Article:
Filed Pursuant to Rule 433

Issuer Free Writing Prospectus

Registration No. 333-203607
October 24, 2016


OVERSTOCK.COM, INC., Inc. (the “Company”) has filed with the Securities and Exchange Commission (the “SEC”) a Registration Statement on Form S-3 (File No. 333-203607) (the “Registration Statement”), which became effective on December 9, 2015.


On October 24, 2016, published an article, the full text of which appears below.  The article was not prepared or reviewed by the Company, any of its affiliates or any offering participant prior to publication. None of the Company, its affiliates, or any offering participant made any payment or gave any consideration to in connection with the article.


The statements in the article are not intended to qualify any of the information, including the risk factors, set forth in the Registration Statement.  Statements in the article that are not attributed directly to a Company spokesperson represent the author’s or others’ views and are not endorsed or adopted by the Company or any offering participant.  Statements in the article that are attributed directly to a Company spokesperson were not intended and should not be considered as offering material.  You should consider statements contained in this free writing prospectus, including those in the attached article, only after carefully evaluating all of the information in the Registration Statement, the prospectus included therein, and any applicable prospectus supplement relating to any offering of the Company’s securities, including the risk factors described therein.


The Company notes the following corrections and clarifications to the article:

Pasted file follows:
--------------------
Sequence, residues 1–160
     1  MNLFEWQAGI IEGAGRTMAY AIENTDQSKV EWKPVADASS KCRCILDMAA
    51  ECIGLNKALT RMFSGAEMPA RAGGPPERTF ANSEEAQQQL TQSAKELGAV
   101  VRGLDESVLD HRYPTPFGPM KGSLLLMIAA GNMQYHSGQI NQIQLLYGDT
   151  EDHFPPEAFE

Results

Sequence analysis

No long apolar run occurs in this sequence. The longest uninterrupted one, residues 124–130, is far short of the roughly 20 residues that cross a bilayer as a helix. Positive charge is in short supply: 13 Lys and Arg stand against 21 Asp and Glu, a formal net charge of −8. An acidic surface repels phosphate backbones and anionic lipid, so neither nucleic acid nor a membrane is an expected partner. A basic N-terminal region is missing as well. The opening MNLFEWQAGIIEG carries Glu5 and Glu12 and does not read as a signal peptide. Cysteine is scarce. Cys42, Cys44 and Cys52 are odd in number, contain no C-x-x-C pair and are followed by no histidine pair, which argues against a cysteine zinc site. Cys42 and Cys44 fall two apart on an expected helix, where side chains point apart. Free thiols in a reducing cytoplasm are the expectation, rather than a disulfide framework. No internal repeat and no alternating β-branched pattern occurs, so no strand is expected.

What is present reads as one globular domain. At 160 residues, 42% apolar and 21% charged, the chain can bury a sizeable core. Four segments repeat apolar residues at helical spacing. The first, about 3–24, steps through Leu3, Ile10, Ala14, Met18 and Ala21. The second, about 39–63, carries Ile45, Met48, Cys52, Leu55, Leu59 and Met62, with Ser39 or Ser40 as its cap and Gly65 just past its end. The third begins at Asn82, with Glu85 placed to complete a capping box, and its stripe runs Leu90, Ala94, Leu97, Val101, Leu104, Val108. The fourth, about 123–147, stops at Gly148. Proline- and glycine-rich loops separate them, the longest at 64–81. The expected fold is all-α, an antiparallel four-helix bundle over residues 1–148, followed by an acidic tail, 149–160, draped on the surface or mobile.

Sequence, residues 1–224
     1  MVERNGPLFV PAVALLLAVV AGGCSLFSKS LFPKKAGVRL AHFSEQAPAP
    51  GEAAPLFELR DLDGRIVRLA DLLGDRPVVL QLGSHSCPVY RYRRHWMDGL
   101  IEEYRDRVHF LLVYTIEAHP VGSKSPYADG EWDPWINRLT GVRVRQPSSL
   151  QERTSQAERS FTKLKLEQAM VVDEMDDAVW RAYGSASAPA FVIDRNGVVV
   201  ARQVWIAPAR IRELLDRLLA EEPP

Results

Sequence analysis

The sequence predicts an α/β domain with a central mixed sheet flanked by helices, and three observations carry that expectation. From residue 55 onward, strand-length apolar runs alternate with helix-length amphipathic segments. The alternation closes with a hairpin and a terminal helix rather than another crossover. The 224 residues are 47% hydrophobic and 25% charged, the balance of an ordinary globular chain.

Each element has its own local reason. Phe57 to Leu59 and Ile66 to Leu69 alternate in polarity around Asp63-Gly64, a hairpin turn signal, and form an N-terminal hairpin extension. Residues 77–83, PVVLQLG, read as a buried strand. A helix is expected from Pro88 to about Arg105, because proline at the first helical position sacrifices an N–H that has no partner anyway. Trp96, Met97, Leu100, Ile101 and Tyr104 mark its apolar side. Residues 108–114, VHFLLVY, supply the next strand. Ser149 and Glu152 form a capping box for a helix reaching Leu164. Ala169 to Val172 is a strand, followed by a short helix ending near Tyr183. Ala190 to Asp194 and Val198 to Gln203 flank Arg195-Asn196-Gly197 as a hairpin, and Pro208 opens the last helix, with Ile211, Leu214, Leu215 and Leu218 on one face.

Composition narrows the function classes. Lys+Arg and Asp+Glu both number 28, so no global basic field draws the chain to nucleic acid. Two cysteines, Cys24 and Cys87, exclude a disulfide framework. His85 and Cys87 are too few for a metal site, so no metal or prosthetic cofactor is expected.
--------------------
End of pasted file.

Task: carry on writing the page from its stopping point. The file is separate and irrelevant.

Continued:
The Company disclaims the statement: “ has had it with the inefficiency of today’s equity markets, and it’s not going to take it anymore.”


The Company disclaims the statement that it: “has received SEC approval to sell stock for Bitcoin via T0.”  Neither the Securities and Exchange Commission nor any state securities commission has approved of any sale of any securities by Overstock or passed upon the adequacy or accuracy of any disclosures the Company may make in connection with any such sale. Any representation to the contrary is a criminal offense.  Further, the Company has no intention of selling stock for Bitcoin, via t0 or otherwise.


The Company disclaims the statement: “We don’t care. We’re really taking a ‘burn it down and start over’ approach.”


The Company disclaims the statement: “By contrast, blockchain-based equities transactions can complete in 10 minutes.”



Statements in the article about what the Company or any of its subsidiaries will or may do are all subject to and qualified by any description of any such matters the Company may provide in a final prospectus, including a prospectus supplement, and the Company disavows any such statements to the extent they are inconsistent with the information in the Registration Statement, the information in any of the Company’s filings under the Securities Exchange Act of 1934, as amended, or the information in any prospectus supplement the Company may file with the SEC relating to the Registration Statement.  Any offer the Company may ultimately make will be made only by a final prospectus, including a prospectus supplement.


Full Text of the VentureBeat Article could begin first Bitcoin-based stock trades


By Dylan Tweney · October 24, 2016 has had it with the inefficiency of today’s equity markets, and it’s not going to take it anymore.


The company announced a new blockchain-based platform for trading equities (stocks and bonds) called T0 last year. Today, at the Money 20/20 conference in Las Vegas,’s communications director, Judd Bagley, detailed T0’s advantages over traditional equities trading systems and strongly hinted that a company — likely itself — would soon begin selling its stock on the T0 platform.